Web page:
No Passports For Plastic Brits: Ukraine-Born Wrestlers Turned Down

LONDON, England -- Two 'Plastic Brits' have lost their controversial attempt to represent the Great Britain wrestling team at this summer's Olympics.

Olga Butkevych at the wrestling test event at ExCel last December.

Sportsmail can reveal that Ukraine-born Yana Stadnik and Olga Butkevych will not be granted UK passports in time because they do not fulfil the Government's criteria.

Problems with their application came to light after British Wrestling filed the pair's documentation to the Home Office this week.

Sources say that although Stadnik and Butkevych have lived in the country for five years as required, they will not be granted 'indefinite leave to remain' - a condition of citizenship that demands 'sufficient knowledge of the English language and life in the United Kingdom' - for another year.

With this snag, it is extremely unlikely Home Secretary Theresa May will intervene to expedite their applications before the Olympics start on July 27.

'This marks the end of the road for these two individuals,' said a source close to the process.

The news will be seen as a victory for those who believe Britain should not chase medals by importing athletes with only a technical tie to the country.

It leaves British Wrestling, who appear to have been poorly advised by their lawyers, without the only two females they had planned to name in their Olympic team.

Three of their five male wrestlers are also non-British born - two from Ukraine and one from Bulgaria - but they have been granted citizenship.

Stadnik, 25, is a European silver medallist.

She married Leon Rattigan, a heavyweight British-born wrestler, in 2010.

The wedding was not a public occasion, but witnessed by Malcolm Morley, chairman of British Wrestling, and Yvonne Ball, the association's administrator.

It is believed five Ukrainian wrestlers have married British wrestlers in recent years.

However, British Wrestling have denied the marriages are a sham.

Stadnik claimed last year in broken English: 'I have fallen in love four years ago with Leon. Most of the time we spend training together but the small spare time we have together we like going to the park. We have also been to Blackpool, Stonehenge and Liverpool.'

Chief executive Colin Nicholson added:

'These athletes have been in the country for a long period and have contributed to the Great Britain team in an immeasurable way.

'They have done a lot to motivate and inspire British youngsters.'

Not everyone feels the same, one example being Chloe Spiteri, who was born in the shadow of the Olympic Stadium but denied selection.

She has called the selection policy 'unfair'.

Nicholson would not say whether the governing body would now look to pick British-born wrestlers.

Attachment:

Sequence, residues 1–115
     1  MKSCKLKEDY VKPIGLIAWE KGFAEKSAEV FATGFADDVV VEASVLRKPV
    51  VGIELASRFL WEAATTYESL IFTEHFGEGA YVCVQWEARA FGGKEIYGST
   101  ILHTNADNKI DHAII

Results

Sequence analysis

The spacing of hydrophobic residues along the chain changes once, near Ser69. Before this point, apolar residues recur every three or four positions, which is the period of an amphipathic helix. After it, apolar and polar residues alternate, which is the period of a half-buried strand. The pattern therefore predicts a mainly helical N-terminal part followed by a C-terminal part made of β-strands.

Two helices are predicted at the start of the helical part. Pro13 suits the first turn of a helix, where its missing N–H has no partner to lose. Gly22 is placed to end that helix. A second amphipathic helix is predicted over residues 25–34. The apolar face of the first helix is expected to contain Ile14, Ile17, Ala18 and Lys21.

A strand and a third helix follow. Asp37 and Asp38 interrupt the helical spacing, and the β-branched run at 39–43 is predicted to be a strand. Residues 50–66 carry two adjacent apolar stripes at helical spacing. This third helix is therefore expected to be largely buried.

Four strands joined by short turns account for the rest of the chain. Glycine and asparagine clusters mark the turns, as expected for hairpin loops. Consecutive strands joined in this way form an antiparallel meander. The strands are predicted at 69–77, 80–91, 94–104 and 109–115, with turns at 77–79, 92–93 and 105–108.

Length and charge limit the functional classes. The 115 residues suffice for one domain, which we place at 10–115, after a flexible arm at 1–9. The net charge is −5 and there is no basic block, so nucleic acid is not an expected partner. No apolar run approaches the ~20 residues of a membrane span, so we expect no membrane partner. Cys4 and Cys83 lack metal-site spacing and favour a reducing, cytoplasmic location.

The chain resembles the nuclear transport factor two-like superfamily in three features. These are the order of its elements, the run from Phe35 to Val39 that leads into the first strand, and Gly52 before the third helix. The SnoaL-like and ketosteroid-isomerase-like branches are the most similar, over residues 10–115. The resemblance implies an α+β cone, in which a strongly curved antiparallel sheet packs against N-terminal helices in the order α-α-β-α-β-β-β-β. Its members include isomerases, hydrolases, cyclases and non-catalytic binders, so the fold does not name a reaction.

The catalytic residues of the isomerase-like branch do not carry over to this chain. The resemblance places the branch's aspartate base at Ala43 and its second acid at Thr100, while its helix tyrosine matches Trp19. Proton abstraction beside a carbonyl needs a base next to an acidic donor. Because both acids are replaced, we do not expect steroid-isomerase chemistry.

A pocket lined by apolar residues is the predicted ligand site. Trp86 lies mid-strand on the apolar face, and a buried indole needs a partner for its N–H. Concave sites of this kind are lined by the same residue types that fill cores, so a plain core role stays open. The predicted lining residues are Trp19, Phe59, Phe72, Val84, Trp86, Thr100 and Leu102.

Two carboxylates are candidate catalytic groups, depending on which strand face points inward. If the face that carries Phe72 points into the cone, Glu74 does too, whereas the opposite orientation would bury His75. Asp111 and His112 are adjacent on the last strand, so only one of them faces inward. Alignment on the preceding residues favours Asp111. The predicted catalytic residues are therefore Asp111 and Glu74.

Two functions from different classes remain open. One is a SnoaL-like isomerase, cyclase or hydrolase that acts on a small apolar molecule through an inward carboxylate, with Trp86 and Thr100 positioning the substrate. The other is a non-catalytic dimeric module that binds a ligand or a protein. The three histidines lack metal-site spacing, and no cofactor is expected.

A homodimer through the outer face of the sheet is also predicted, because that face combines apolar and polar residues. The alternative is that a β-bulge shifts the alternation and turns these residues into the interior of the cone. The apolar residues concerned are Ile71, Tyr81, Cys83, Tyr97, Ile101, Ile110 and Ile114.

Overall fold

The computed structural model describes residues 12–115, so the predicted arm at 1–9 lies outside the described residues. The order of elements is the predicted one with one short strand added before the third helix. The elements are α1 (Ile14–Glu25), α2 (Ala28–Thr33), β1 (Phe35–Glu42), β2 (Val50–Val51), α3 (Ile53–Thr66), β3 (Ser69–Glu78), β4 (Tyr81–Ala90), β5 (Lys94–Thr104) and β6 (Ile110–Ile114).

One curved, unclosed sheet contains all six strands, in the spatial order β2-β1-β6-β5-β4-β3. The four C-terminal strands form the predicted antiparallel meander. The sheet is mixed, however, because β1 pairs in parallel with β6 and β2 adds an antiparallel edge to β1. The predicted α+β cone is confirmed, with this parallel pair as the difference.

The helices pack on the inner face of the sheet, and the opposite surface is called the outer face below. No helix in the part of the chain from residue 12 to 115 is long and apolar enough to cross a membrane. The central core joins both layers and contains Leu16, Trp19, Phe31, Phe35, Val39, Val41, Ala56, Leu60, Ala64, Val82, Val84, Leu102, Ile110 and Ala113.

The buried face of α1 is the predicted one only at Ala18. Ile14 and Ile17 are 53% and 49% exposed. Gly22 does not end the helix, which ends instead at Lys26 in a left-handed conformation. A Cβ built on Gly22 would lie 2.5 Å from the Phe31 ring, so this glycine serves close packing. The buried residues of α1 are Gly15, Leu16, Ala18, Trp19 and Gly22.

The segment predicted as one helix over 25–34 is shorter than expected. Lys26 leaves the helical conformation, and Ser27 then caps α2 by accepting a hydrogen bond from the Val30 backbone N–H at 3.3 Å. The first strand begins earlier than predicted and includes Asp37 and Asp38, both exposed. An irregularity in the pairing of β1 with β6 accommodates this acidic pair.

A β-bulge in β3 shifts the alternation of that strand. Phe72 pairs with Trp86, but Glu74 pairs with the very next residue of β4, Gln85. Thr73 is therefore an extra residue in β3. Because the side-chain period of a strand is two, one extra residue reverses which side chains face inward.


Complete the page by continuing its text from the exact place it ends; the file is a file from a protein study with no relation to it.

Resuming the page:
He also declined to confirm whether Butkevych, a 26-year-old European bronze medallist, had married a British squad member.

The manner of the Eastern Europeans' arrival in Britain is also subject to controversy.

Several Ukranians and Bulgarians were brought over by Nicolai Kornyeyev, the Ukrainian who is GB's head coach, on working visas supposedly to act as sparring partners for British wrestlers at their training base in Salford.

It gave the new arrivals an Olympic chance that may not have materialised in their homelands, where wrestling is a stronger sport.

Since then they have benefitted from £3.5million ($5.5 million) of UK Sport funding.

The British Olympic Association appear unlikely to intervene on behalf of Stadnik and Butkevych by making a special plea to the Home Office.

The Plastic Brits issue continues to stalk the British team across a number of sports.

The point was reinforced when basketball centre Byron Mullens confirmed his availability to play for Great Britain after receiving his passport this week.

The 23-year-old Charlotte Bobcats star was born in Columbus, Ohio, but his mother is from Middlesex, making him eligible.

'Yessir,' he said on Twitter, with an accompanying picture of his new passport. 'I will be in London this summer!'

Mullens' availability could give Britain three NBA players in their 12-man squad, along with Detroit Pistons guard Ben Gordon and Luol Deng, who has continued to perform well for the Chicago Bulls despite playing with an injured left wrist.

Source: Mail Online

Comments

mark hope said…
All that patriots who care about Great Britain so much ....How come they so passionate about reduce chances for their country to get more medal on Olympic Games 2012???And again if you are proud to be British and you proud to have democracy. . so why that democracy just for you only ???As that athletes are the same human and have human rights to be treated like a HUMAN not branded Plastic Brits as you have named them… this is the link (so you can educate yourself a bit) http://en.wikipedia.org/wiki/Ethnic_groups_in_the_United_Kingdom -Ethnic groups in the United Kingdom and how many people are not born in Britain but become one ...so why being disrespectful to people who is just one of yours HUMAN…
mark hope said…
just wonder how can journalist talk so easy about such a private subject like being married and how do you know all details how long they know each other and how long they was together to make that big and great step get married and create BRITISH FAMILY!!! or you might don't even care as all you like to do its just put another unreasonable disrespectful and just "dark" comment which has no connection to actual sport and Olympic Games that everyone "care about" here !Also maybe that is why they never talk about that as people like you will write so much "sh.."about them and of course never be happy for them... ???
I feel sorry for every one who get confused with so unprofessional journalists .
I think the one who wrote this disrespectful article don't really like my comment now and i hope he feel the same way like that people
who he wrote about...